Windows Phone 7: Twitter Apps

The Lowdown

I recently picked up a Nokia Lumia 800 phone, running Windows Phone 7. In short: I’m a geek, I like trying out new tech, I’ve had an iPhone since mid-2008, and I really liked the look of what Microsoft has done with Windows Phone 7. I’m working on a full review, but as I’m getting to grips with the phone and the OS I figured I’d write up some of the issues I run up against.

Today: finding a Twitter app.

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Ascension: Chronicle of the Godslayer

Ascension: Chronicle of the Godslayer is a card game that has some similarities to the popular Magic: The Gathering collectable card game. My first introduction to Ascension was through its well-received iOS version, which I liked so much that I went straight out and bought a copy of the physical game too1. This is primarily a review of the iOS version, but both versions play exactly the same and are equally enjoyable.

Ascension is a deckbuilding game designed by a former Magic Pro Tour champion. I’ve played a small amount of Magic in the past but was put off by the amount of pre-game preparation that is necessary and the sheer number of cards that are available (although I realise that it’s exactly these elements that draw many people to the game).2 I think Ascension struck a chord with me because it’s reminiscent of Magic but (in my opinion) improves upon it in a number of ways.

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Codify

I love the iPad. It’s casual, immediate, and more intimate than a laptop ever will be. There are wonderful apps available for most activities you could want to do on an iPad: reading, writing, drawing, listening, watching, playing; the list goes on. Much of the time when I want to perform some task (or just relax), I will now reach for my iPad instead of my laptop if possible. However, until now I have been unable to use the iPad for one of my favourite pasttimes: programming1.

Enter Codify. Codify is a new iPad app that lets you create simple games, prototypes and simulations directly on an iPad. You write code in the Lua language using a fantastic code editor (more on that later), with an API that’s very similar to Processing. You can then run that code straight away; play your game, experiment with your prototype, tweak your simulation. It’s fast, easy, impressive, and fun.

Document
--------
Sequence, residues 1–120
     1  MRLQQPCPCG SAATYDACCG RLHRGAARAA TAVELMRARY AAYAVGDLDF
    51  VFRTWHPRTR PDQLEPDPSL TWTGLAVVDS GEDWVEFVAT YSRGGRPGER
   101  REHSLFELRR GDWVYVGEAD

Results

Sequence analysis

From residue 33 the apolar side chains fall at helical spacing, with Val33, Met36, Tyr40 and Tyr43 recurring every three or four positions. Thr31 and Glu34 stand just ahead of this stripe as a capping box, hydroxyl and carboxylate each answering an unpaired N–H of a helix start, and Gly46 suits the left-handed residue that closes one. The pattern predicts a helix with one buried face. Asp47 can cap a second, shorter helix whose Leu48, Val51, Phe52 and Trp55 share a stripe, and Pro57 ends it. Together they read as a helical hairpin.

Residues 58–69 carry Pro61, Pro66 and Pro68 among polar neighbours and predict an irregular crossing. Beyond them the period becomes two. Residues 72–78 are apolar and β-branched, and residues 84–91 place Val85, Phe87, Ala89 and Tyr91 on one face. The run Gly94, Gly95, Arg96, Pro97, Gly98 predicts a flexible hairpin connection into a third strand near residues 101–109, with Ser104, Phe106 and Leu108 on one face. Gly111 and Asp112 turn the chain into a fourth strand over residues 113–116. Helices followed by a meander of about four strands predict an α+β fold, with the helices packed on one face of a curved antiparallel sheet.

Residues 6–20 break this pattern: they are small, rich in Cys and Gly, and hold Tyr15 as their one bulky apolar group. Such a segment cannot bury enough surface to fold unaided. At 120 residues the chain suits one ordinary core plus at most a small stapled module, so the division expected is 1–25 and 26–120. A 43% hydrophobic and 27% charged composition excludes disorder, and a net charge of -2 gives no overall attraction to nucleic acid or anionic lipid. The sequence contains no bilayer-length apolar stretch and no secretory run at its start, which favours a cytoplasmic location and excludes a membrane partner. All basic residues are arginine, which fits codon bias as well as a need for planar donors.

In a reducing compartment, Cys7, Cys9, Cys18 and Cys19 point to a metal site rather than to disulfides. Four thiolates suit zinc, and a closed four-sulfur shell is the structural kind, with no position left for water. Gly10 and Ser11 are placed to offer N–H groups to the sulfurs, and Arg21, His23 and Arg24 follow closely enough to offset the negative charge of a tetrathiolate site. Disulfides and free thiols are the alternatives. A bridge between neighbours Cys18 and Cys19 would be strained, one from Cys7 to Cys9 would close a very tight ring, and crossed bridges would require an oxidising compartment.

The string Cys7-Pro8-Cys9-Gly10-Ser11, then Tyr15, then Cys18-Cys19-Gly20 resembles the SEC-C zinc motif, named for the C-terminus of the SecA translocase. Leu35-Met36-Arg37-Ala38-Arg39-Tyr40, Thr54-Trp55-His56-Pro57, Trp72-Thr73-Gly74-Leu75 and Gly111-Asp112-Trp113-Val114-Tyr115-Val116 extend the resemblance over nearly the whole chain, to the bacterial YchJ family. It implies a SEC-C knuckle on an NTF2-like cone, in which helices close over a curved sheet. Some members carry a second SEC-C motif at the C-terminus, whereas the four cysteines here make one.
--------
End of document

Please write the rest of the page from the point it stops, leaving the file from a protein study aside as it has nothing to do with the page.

Codify project selection screen

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Bleep Beep Beep Bloop: A List of Great Videogame Music

I love videogame music. Rarely a day goes by where I don’t have some game tune stuck in my head (Mario and Mariokart being the worst offenders). I find a lot of game music is great to work / code to, as it’s generally upbeat and devoid of lyrics. I thought it’d be fun to put together a short list of my favourite albums and share it here. I’ve put in download / purchase links where possible. For those without a link, you should be able to find them easily enough with a quick google.

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Frosty’s 2010 Awards: Books, Games and Movies

I thought I’d write a quick roundup of the movies I’ve seen, games I’ve played, and books I’ve read this year. Note that not everything on this list may have been released this year, but I experienced them for the first time this year. Feel free to just skim the headlines if you can’t be arsed to read the whole thing. Without further ado…

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Minecraft

I’ve recently become somewhat addicted to Minecraft – the hit indie game that’s currently earning its creator over £100,000 a day. I find it quite hard to summarise what I find so brilliant about Minecraft, so I’ve collected together a few links to articles or videos that give a good idea of why Minecraft is awesome, and why you should be playing it right now.

A lush new world in Minecraft. That grey pixelly bit at the front is a block of stone that I'm holding. But don't look at that - look at the incredible view and that awesome waterfall!